Medicine and Psychiatry Like a Horse and Carriage

How Reliable are the Testing Trials That Determine the Safety and Efficacy of New Drugs?

Eighty percent of new drug applications sent to the food and drug administration (FDA) consisted of trial data from studies done outside of the U.S. according to the inspector general’s report. There are 3,000 new drugs coming onto the market to treat 4,600 different conditions.

Only 271 trials were done in foreign countries for American use in 1990 and increased to 6,485 by 2008. Although many study trials occur in developed countries, thousands take place in areas where illiterate and impoverished people reside. One concern with this is whether regulations are being followed by these medical teams and to what extent. Litigation risks are minimal and the wealth they have may enable them too much protection.

During the nineties, manufacturers began contracting out all phases of development and testing to companies that recruit the patients and volunteers. They also draw up rules for the trials and conduct them, prepare reports, ghostwrite technical articles for journals and advertise for participants. Paid technicians implement the procedures, gather the subjects, administer the chemical formulations, collect urine and blood samples and sequester and feed the recruits.

Prescription Drug Injury

Americans are far more likely to be injured or die from prescription drugs, physicians and hospitals than by terrorists, bombs and planes. The pharmaceutical industry influences psychiatrists to prescribe psychoactive medications even for patients who the drugs haven’t been proven safe and effective for.

There has been an astonishing increase in the diagnosis and treatment of mental illness in children, some as young as two years old. The terrible-twos is a phase where healthy children are beginning to learn their boundaries and the importance of following instructions. To become fussy when hungry or tired is normal, as is also to not always be attentive while sitting in a classroom as well as is shyness. To be given mind-altering and likely addictive drugs during these critical stages of growth should be considered criminal at most and suspect at least.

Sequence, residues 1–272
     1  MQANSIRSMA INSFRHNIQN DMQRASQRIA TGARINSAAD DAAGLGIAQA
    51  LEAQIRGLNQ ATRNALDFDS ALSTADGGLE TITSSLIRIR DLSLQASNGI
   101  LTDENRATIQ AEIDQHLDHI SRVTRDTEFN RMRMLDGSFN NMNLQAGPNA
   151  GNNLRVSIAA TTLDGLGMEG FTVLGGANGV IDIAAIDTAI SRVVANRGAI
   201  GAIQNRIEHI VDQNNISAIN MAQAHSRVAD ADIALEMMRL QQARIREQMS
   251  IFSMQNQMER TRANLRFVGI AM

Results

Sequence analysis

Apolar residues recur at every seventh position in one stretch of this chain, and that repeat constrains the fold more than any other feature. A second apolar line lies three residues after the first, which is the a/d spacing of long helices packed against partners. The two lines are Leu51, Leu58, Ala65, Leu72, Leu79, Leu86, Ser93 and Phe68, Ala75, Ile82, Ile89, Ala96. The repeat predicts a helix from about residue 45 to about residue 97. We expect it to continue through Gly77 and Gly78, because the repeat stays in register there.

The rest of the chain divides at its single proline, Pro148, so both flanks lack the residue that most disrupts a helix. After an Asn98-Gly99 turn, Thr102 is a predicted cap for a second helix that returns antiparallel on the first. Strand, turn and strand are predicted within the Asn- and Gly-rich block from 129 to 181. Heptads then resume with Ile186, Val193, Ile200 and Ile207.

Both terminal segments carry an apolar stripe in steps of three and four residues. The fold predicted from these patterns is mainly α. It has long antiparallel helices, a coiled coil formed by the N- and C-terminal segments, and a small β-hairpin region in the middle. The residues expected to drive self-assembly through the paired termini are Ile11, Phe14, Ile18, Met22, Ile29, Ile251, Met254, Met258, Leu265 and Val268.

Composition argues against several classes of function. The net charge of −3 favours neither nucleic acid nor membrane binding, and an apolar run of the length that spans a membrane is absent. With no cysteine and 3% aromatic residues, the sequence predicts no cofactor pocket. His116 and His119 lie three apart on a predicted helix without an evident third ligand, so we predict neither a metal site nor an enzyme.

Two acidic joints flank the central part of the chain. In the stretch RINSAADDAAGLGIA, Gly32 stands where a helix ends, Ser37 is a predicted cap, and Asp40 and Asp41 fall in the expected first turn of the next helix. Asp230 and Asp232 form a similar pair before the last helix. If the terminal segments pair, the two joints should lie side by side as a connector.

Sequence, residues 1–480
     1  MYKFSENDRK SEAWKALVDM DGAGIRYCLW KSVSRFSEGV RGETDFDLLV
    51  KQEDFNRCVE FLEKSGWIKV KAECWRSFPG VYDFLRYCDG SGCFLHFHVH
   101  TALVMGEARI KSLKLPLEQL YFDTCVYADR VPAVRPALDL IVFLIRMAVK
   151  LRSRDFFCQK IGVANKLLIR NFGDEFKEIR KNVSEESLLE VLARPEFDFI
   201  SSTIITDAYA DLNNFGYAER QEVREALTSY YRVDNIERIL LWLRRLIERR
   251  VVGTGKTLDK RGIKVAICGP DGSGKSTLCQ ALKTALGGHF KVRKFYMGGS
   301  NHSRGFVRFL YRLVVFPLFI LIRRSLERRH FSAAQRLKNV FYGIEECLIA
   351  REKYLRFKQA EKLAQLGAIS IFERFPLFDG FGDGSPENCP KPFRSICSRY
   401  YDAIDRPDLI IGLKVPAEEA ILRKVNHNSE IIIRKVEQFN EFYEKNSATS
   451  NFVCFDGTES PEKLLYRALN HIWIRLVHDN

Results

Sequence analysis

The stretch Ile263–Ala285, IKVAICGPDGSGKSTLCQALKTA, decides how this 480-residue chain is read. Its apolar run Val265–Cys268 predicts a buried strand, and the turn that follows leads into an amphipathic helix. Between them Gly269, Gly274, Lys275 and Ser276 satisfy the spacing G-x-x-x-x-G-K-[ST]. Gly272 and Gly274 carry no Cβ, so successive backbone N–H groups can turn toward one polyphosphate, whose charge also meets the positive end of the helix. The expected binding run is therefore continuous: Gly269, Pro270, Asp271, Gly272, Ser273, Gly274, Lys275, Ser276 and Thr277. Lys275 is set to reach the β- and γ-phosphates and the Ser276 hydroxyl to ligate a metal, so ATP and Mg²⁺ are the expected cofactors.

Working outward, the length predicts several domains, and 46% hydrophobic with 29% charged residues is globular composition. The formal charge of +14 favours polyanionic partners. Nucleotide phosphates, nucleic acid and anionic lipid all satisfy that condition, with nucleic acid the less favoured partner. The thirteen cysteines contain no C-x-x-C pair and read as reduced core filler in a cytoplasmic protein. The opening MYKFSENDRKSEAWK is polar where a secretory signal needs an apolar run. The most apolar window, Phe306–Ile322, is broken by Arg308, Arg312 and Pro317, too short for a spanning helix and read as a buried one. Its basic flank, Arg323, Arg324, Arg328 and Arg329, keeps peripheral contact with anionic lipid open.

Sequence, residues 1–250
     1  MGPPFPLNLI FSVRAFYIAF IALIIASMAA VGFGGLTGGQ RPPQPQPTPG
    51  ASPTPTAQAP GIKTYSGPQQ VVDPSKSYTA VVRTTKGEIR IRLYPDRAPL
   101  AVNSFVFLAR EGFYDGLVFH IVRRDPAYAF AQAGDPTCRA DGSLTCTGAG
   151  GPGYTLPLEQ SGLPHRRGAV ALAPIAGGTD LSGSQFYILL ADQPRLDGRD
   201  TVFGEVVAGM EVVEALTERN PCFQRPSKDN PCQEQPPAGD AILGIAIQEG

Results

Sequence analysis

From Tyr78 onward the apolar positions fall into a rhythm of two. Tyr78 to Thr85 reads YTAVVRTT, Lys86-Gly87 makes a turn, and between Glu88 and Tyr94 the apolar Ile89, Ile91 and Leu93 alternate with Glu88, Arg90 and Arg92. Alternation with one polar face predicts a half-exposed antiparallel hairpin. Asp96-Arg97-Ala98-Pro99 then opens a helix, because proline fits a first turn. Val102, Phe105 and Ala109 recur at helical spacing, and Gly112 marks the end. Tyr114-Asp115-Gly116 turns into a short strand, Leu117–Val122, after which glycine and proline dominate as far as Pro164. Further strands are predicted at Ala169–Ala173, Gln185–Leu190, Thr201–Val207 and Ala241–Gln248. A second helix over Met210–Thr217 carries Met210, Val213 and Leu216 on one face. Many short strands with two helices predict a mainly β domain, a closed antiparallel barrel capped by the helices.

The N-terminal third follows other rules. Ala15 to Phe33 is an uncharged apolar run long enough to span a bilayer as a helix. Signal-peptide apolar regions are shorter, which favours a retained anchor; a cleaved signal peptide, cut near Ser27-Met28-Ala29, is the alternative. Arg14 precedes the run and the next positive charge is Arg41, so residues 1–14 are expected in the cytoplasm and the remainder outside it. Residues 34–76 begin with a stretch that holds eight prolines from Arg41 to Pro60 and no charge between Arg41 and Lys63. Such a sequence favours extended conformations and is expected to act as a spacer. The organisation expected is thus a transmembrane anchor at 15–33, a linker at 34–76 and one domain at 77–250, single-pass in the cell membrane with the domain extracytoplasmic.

Like A Horse and Carriage

The medical director of the American Psychiatric Association (APA) made a declaration in 1977 to strongly support a vigorous effort to remedicalize psychiatry. By having placed much emphasis on drug treatments, Psychiatry had become the darling of the pharmaceutical industry.

In a campaign to enhance their status they devised a deliberate plan to identify the organization as a scientific discipline along with the medical profession. They were also determined to advance their position over other mental healthcare providers. They fully embraced the biological model of mental illness and the use of psychoactive drugs to treat the various symptoms and newly developed diseases and diagnoses.

The APA set out to revise the Diagnostic and Statistical Manual of Disorders (DSM-III) reference book for its 3rd edition and strived to make it different. The 1st was published in 1952 and the 2nd in 1968  and reflected the Freudian views of mental health and illness. The DSM was mainly known only within the profession. The president stated in 1977 that it would clarify any doubts that they regard psychiatry as a specialty of medicine.

A professor of psychiatry at Harvard, Vaillant, stated in 1984 that the DSM-III represents a bold series of choices based on guess, taste, prejudice and hope and that the disadvantages within the contents outweigh its advantages.

It was reliable only in the form of consistency rather than in its validity, for example if most physicians agreed freckles were a sign of cancer, the diagnosis would be reliably consistent but not valid. The book simply reflects the unproven opinions of its authors. Citations of scientific studies supporting its conclusions are either non-existent or omitted. Statements of fact are to be supported by specific references of published scientific studies in all ‘medical’ publications.

The number of diagnostic categories have multiplied and the books became larger and more costly with each new edition. It has itself become one of the major sources of income for the APA having sold over a million copies.

Treatments for emotional distress, illness and depression should not be limited to psychoactive drugs as both psychotherapy and exercise have proven effective and longer lasting in comparison. More research is needed to study other methods of diagnosis and healing in the area of psychiatry.


book: The Epidemic of Mental Illness, Why?

Why We Need Sleep